A patient who suffered a stroke has difficulty swallowing. Which healthcare team member should be consulted to assess the patient's risk for aspiration?

1) Respiratory therapist
2) Occupational therapist
3) Dentist
4) Speech therapist


4) Speech therapist

Rationale:
Respiratory therapists provide care for patients with respiratory disorders. Occupational therapists help patients regain function and independence. Dentists diagnose and treat dental disorders. Speech and language therapists provide assistance to clients experiencing swallowing and speech disturbances. They assess the risk for aspiration and recommend a treatment plan to reduce the risk.

Which of the following is/are an example(s) of theoretical knowledge as defined in this chapter? Select all that apply.

1) Antibiotics are ineffective in treating viral infections.
2) When you take a patient's blood pressure, the patient's arm should be at heart level.
3) In Maslow's framework, physical needs are most basic.
4) When drawing medication out of a vial, inject air into the vial first.


1) Antibiotics are ineffective in treating viral infections.
3) In Maslow's framework, physical needs are most basic.

Rationale:
Theoretical knowledge consists of research findings, facts (e.g., "Antibiotics are ineffective . . ." is a fact), principles, and theories (e.g., "In Maslow's framework . . ." is a statement from a theory). Instructions for taking a blood pressure and withdrawing medications are examples of practical knowledge—what to do and how to do it.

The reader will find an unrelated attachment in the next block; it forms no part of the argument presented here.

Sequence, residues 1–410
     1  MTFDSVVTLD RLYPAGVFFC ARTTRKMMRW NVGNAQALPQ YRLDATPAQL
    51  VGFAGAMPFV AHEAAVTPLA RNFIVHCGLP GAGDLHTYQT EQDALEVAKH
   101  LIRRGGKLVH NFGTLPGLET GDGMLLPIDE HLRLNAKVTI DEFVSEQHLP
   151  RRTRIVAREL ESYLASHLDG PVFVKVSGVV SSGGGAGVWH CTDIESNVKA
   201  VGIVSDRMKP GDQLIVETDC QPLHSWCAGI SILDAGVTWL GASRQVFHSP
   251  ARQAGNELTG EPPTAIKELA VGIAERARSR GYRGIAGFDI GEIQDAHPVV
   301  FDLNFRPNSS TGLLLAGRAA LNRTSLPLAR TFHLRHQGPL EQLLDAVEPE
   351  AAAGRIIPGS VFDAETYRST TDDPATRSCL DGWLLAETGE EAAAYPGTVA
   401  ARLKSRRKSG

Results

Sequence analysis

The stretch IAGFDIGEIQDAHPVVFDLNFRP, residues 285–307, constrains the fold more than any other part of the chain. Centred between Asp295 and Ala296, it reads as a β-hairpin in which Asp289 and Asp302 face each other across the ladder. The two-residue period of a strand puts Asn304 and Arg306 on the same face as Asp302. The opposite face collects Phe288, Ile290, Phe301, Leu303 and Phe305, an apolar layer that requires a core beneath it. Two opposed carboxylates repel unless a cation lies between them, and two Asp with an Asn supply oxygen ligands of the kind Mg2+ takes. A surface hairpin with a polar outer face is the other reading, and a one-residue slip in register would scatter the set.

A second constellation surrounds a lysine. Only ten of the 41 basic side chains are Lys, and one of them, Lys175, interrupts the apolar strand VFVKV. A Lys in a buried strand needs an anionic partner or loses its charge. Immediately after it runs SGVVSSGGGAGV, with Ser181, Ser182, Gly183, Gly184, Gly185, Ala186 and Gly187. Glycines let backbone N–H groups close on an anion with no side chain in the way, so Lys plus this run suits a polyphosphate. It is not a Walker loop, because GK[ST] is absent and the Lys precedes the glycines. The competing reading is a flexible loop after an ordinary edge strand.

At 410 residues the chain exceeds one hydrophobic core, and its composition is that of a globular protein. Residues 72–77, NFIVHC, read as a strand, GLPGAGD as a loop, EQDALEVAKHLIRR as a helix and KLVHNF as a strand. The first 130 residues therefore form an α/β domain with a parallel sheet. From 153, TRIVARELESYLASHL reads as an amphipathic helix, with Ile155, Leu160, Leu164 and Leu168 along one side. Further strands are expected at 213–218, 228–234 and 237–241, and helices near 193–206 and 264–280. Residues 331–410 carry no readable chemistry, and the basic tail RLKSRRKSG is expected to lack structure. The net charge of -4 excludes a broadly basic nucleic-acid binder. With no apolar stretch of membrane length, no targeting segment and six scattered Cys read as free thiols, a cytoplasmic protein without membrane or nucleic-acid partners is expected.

Critical thinking and the nursing process have which of the following in common? Both:

1) Are important to use in nursing practice
2) Use an ordered series of steps
3) Are patient-specific processes
4) Were developed specifically for nursing

1) Are important to use in nursing practice

Rationale:
Nurses make many decisions: some require using the nursing process, whereas others are not client related but require critical thinking. The nursing process has specific steps; critical thinking does not. Neither is linear. Critical thinking applies to any discipline.

In which step of the nursing process does the nurse analyze data and identify client problems?

1) Assessment
2) Diagnosis
3) Planning outcomes
4) Evaluation


2) Diagnosis

Rationale:
In the assessment phase, the nurse gathers data from many sources for analysis in the diagnosis phase. In the diagnosis phase, the nurse identifies the client's health status. In the planning outcomes phase, the nurse formulates goals and outcomes. In the evaluation phase, which occurs after implementing interventions, the nurse gathers data about the client's responses to nursing care to determine whether client outcomes were met.

In which phase of the nursing process does the nurse decide whether her actions have successfully treated the client's health problem?


Evaluation

Rationale:
In the assessment phase, the nurse gathers data from many sources for analysis in the diagnosis phase. In the diagnosis phase, the nurse identifies the client's health status. In the planning outcomes phase, the nurse and client decide on goals they want to achieve. In the intervention planning phase, the nurse identifies specific interventions to help achieve the identified goal. During the implementation phase, the nurse carries out the interventions or delegates them to other health care team members. During the evaluation phase, the nurse judges whether her actions have been successful in treating or preventing the identified client health problem.

What is the most basic reason that self-knowledge is important for nurses? Because it helps the nurse to:

1) Identify personal biases that may affect his thinking and actions